Site to site (office to Amazon VPC)
Amazon Virtual Private Cloud (Amazon VPC) lets you provision a logically isolated section of the Amazon Web Services (AWS) cloud where you can launch AWS resources in a virtual network that you define. You have complete control over your virtual networking environment, including selection of your own IP address range, creation of subnets, and configuration of route tables and network gateways.
Creating and configuring a VPC can be a daunting and complex task, so we've created a cloudformation template (see contrib) which automatically creates a VPC, internet gateway, public and private subnets, security groups, launches a TurnKey OpenVPN NAT instance preseeded with the server profile and configuration, allocates and associates an elasticip to the OpenVPN instance and configures routing.
office vpc 172.16.0.0/16 10.0.0.0/16 +--------------+-----------+ +---------+----------------+ | | openvpn | <=> internet <=> | openvpn | | | +-----------+ +---------+ | | dmz | | subnet_pub | | 172.16.0.0/24 | | 10.0.0.0/24 | +--------------------------+ +--------------------------+ | lan | | subnet_pvt | | 172.16.1.0/24 | | 10.0.1.0/24 | +--------------------------+ +--------------------------+
Assumptions and objectives
It's assumed the office network (excluding openvpn) is already configured.
Our objective is to create the VPC, 2 OpenVPN servers (one acting as a server, the other as a client), and have computers in the office LAN connect seamlessly and securely via the VPN to servers in the VPC private subnet.
Step 1: Setup VPC with TurnKey OpenVPN (server)
The easiest way to setup and configure the VPC including OpenVPN is to use the cloudformation template (see contrib for other alternatives).
Note that the TurnKey OpenVPN server profile will need to be configured with the following:
- Email address for the OpenVPN server key (e.g., email@example.com)
- FQDN of server reachable by clients (e.g., vpn.example.com)
- CIDR subnet behind server for clients to reach (e.g., 10.0.1.0/24)
The FQDN should be configured to point to the elastic IP of the OpenVPN server, which is displayed once the CFM stack is created.
Finally, you can launch servers in the private subnet. When doing so, the security group for the private subnet instances (created during VPC creation) should be specified.
Step 2: Install TurnKey OpenVPN in Office DMZ (client)
Once installation is complete, the server will reboot. On first boot it
will prompt for the OpenVPN profile to use, in which case
should be selected.
Step 3: Create a profile for the Office OpenVPN client
The office OpenVPN client needs to authenticate to the VPC OpenVPN server. To do this, create a profile on the server for the client and restart the service:
$ ssh firstname.lastname@example.org $ openvpn-addclient -h Syntax: openvpn-addclient client-name client-email [private-subnet] Generate keys and configuration for a new client Arguments: client-name Unique name for client client-email Client email address private-subnet CIDR subnet behind client (optional) $ openvpn-addclient office email@example.com 172.16.1.0/24 INFO: generated /etc/openvpn/easy-rsa/keys/office.ovpn $ /etc/init.d/openvpn restart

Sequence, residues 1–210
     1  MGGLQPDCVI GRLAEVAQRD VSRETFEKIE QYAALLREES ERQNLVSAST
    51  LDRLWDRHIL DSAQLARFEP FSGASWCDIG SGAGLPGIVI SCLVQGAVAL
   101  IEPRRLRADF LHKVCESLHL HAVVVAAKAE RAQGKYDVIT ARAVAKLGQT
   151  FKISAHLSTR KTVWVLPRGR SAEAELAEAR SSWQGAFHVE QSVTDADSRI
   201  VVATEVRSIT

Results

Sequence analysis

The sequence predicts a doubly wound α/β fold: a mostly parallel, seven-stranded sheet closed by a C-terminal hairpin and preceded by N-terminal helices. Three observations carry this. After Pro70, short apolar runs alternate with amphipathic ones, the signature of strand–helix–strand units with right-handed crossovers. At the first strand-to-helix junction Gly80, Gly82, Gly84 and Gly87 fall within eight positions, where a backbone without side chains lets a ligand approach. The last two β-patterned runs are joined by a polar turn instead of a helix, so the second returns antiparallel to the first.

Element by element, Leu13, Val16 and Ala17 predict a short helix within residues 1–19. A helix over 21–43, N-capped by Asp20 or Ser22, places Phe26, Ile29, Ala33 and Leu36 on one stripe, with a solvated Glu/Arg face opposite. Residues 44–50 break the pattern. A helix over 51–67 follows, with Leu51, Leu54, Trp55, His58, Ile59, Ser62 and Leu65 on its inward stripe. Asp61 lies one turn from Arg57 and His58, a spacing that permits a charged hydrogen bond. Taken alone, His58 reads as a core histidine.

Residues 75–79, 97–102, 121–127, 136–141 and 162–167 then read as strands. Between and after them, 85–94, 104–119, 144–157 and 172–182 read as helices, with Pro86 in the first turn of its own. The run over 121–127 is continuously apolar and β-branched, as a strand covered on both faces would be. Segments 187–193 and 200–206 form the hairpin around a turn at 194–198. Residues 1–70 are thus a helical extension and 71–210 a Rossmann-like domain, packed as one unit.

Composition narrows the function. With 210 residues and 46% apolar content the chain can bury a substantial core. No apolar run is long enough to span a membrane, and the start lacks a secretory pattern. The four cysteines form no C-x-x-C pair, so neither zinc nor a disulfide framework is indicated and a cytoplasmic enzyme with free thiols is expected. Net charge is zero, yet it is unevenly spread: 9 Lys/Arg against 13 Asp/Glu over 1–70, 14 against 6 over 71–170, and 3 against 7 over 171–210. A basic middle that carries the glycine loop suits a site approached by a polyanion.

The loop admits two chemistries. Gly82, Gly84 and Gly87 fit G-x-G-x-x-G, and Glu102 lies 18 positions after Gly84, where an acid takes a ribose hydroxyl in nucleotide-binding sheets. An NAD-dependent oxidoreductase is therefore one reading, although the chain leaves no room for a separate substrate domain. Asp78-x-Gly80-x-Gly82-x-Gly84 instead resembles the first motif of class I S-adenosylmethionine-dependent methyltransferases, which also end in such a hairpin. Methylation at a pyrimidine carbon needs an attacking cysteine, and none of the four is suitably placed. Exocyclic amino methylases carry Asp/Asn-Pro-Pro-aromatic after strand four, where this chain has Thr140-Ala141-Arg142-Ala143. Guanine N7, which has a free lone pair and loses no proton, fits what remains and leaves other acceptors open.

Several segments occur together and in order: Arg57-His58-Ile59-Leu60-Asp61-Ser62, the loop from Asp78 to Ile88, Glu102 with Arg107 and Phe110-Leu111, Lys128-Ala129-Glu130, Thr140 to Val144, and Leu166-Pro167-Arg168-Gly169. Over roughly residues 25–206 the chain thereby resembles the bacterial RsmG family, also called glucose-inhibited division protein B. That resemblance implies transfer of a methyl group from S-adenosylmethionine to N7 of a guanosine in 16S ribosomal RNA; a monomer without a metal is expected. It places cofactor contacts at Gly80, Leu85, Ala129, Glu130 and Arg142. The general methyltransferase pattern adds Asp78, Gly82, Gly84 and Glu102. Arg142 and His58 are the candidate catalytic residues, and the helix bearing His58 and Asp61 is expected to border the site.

Step 4: Securely transfer the client profile to the Office OpenVPN client
The profile includes secret information, so it should be transfered to the client via an encrypted channel, such as RSYNC over SSH or SCP:
SRC: vpn.example.com:/etc/openvpn/easy-rsa/keys/office.ovpn DST: dmz-openvpn:/etc/openvpn/office-to-vpc.conf
Note that in the above example the profile extension has changed from ovpn to conf so the connection will be created at server boot by the openvpn initscript.
Lastly, start the VPN connection:
$ /etc/init.d/openvpn start
You should now be able to connect from the office OpenVPN server to servers in the VPC private subnet, for example:
$ ssh firstname.lastname@example.org
For computers on the office LAN to transparently use the VPN connection, routing needs to be configured to direct 10.0.0.0/24 to the OpenVPN client.
Step 5: Mobile device (optional)
For example sake, lets say that Joe needs access to the servers on the VPC private subnet when he is on the go via his mobile device.
The first thing to do is create a profile:
$ ssh email@example.com $ openvpn-client joe-mobile firstname.lastname@example.org INFO: generated /etc/openvpn/easy-rsa/keys/joe-mobile.ovpn
Next, the profile needs to be securely imported into Joe's mobile device. Unfortunately, it does not support encrypted email, nor does it have an SD card slot.
For cases like this, TurnKey OpenVPN supports auto-expiring obfuscated URLs for downloading client profiles via a web browser using HTTPS:
$ /var/www/openvpn/bin/addprofile joe-mobile URL: https://vpn.example.com/profiles/hjsd763hshj762hshj287.../
The obfuscated URLs are long and error prone (not to mention a pain) to be entered manually. To combat this, the profile URL displays a QR code that can be scanned by a mobile device.
OK, back to Joe. The administrator could either visit the link himself and print out the QR code for Joe, or securely send Joe the link to visit himself.
Once Joe has the QR code (and has installed the OpenVPN app for either Android or iOS), can scan the QR code with his mobile device and download the profile which will be automatically imported into the app.
Note that once a profile has been downloaded, it will automatically be deleted from the OpenVPN web server by an hourly cron job.
Lastly, if Joe misplaces his mobile device the certificate can be revoked:
$ source /etc/openvpn/easy-rsa/vars $ /etc/openvpn/easy-rsa/revoke-full joe-mobile